Digital equity: Considering the needs of staff as a social justice issue

Keywords: staff professional development, technology, higher education, faculty development, capacity building, equity, empathy

Abstract

The rollout of technological advances in tertiary teaching and learning continues unabated. Concerns around staff lag in acceptance and adoption may overlook hidden influences. While considerations to address the digital divide and digital equity for tertiary students has been a growing social justice issue since the 1980s, what of the academic and professional staff who facilitate their teaching and learning? They are the other side of the coin and, as a cohort, are as diverse as the students they teach. Today, building staff capacity in the implementation of technology in teaching and learning in higher education still remains a key need. Yet a one-size-fits-all approach may miss the differing needs, views and capabilities of staff. It may also be built and developed upon explicit assumptions relating to staff access, skills and ability. For an equity-based approach to building staff capacity through professional development, empathy is required in purveying staff values, abilities, and needs. To address such issues and empower staff, a robust professional development program on digital technology is but one means to help stem the digital divide between staff haves and have-nots.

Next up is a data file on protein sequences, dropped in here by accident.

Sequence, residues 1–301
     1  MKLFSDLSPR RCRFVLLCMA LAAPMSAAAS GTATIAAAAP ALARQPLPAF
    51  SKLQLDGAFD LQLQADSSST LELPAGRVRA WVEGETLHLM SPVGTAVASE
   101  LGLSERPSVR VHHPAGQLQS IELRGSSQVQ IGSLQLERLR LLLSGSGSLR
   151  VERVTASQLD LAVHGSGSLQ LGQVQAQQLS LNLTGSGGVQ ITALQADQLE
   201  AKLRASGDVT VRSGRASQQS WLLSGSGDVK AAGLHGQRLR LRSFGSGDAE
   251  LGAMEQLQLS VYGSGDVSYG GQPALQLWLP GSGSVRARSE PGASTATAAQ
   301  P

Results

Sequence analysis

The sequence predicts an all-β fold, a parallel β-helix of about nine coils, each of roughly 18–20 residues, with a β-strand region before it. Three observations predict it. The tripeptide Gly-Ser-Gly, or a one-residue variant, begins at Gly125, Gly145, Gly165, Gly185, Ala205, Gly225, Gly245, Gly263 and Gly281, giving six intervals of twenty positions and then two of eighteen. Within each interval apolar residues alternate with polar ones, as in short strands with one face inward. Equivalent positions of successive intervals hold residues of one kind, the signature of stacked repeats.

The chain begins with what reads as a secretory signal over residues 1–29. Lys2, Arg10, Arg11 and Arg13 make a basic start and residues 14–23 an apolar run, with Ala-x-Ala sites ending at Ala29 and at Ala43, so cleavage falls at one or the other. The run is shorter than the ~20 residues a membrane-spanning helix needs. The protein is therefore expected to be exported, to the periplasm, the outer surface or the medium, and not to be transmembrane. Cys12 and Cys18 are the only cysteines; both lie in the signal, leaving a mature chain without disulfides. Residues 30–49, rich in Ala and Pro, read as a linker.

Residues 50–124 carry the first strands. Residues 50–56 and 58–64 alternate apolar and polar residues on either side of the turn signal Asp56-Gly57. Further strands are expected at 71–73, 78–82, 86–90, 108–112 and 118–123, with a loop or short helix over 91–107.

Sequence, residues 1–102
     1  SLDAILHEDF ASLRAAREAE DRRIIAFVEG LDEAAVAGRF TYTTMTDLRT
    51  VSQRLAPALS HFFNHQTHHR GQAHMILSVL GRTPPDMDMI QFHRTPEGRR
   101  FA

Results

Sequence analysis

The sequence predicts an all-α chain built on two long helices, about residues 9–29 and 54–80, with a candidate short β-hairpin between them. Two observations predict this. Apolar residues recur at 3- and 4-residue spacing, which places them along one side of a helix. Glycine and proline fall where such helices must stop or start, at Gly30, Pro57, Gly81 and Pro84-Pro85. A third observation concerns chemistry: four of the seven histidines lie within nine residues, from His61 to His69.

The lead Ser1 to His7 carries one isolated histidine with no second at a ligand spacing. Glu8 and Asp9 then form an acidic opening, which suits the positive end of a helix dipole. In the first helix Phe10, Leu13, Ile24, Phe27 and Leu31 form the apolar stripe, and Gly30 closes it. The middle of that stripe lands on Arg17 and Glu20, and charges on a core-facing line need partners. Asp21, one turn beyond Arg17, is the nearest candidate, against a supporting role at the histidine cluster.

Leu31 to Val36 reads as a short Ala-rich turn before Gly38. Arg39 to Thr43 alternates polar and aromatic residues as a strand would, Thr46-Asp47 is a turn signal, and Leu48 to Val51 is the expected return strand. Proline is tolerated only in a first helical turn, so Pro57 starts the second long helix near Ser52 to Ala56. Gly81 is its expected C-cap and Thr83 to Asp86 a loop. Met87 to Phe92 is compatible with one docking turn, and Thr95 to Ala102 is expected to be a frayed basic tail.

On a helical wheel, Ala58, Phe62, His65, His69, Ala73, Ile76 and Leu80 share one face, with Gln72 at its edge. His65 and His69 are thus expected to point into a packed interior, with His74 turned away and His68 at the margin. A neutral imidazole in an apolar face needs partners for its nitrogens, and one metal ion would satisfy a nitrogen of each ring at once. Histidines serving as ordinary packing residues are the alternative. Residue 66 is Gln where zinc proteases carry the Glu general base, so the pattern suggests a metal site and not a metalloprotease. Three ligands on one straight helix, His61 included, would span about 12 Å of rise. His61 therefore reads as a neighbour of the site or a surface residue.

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Author Biography

Julie Willems, Monash University

Dr. Julie Willems is an Australian academic who holds qualifications in Nursing, the Humanities, and Education. Her research areas include educational equity; learning and teaching in higher education and continuing professional development; educational technologies; resilience; communication in disasters; and rural health. Julie was a recipient of the auDA Foundation's national 2011 research grant for the i-Survive Project exploring the use of ‘back channel’ communications via mobile social media during Australian emergencies and disasters.

 

 

 

Julie has worked on the Executive of both ODLAA (2011-2014) and ASSCILITE (2015- ). She founded and runs the association’s Digital Equity special interest group (SIG) and was the founding organising committee member for the ASCILITE 2018 Conference. As a member of the ASCILITE Executive, her areas of focus include policy and guidelines. She has been recently recognised as a leader in open, online and distance learning in the Australia-Pacific region. Julie currently works for Monash University Rural Health and East Victoria GP Training.

 

 

Published
2019-12-28
Section
Special Issue 2019 - Digital Equity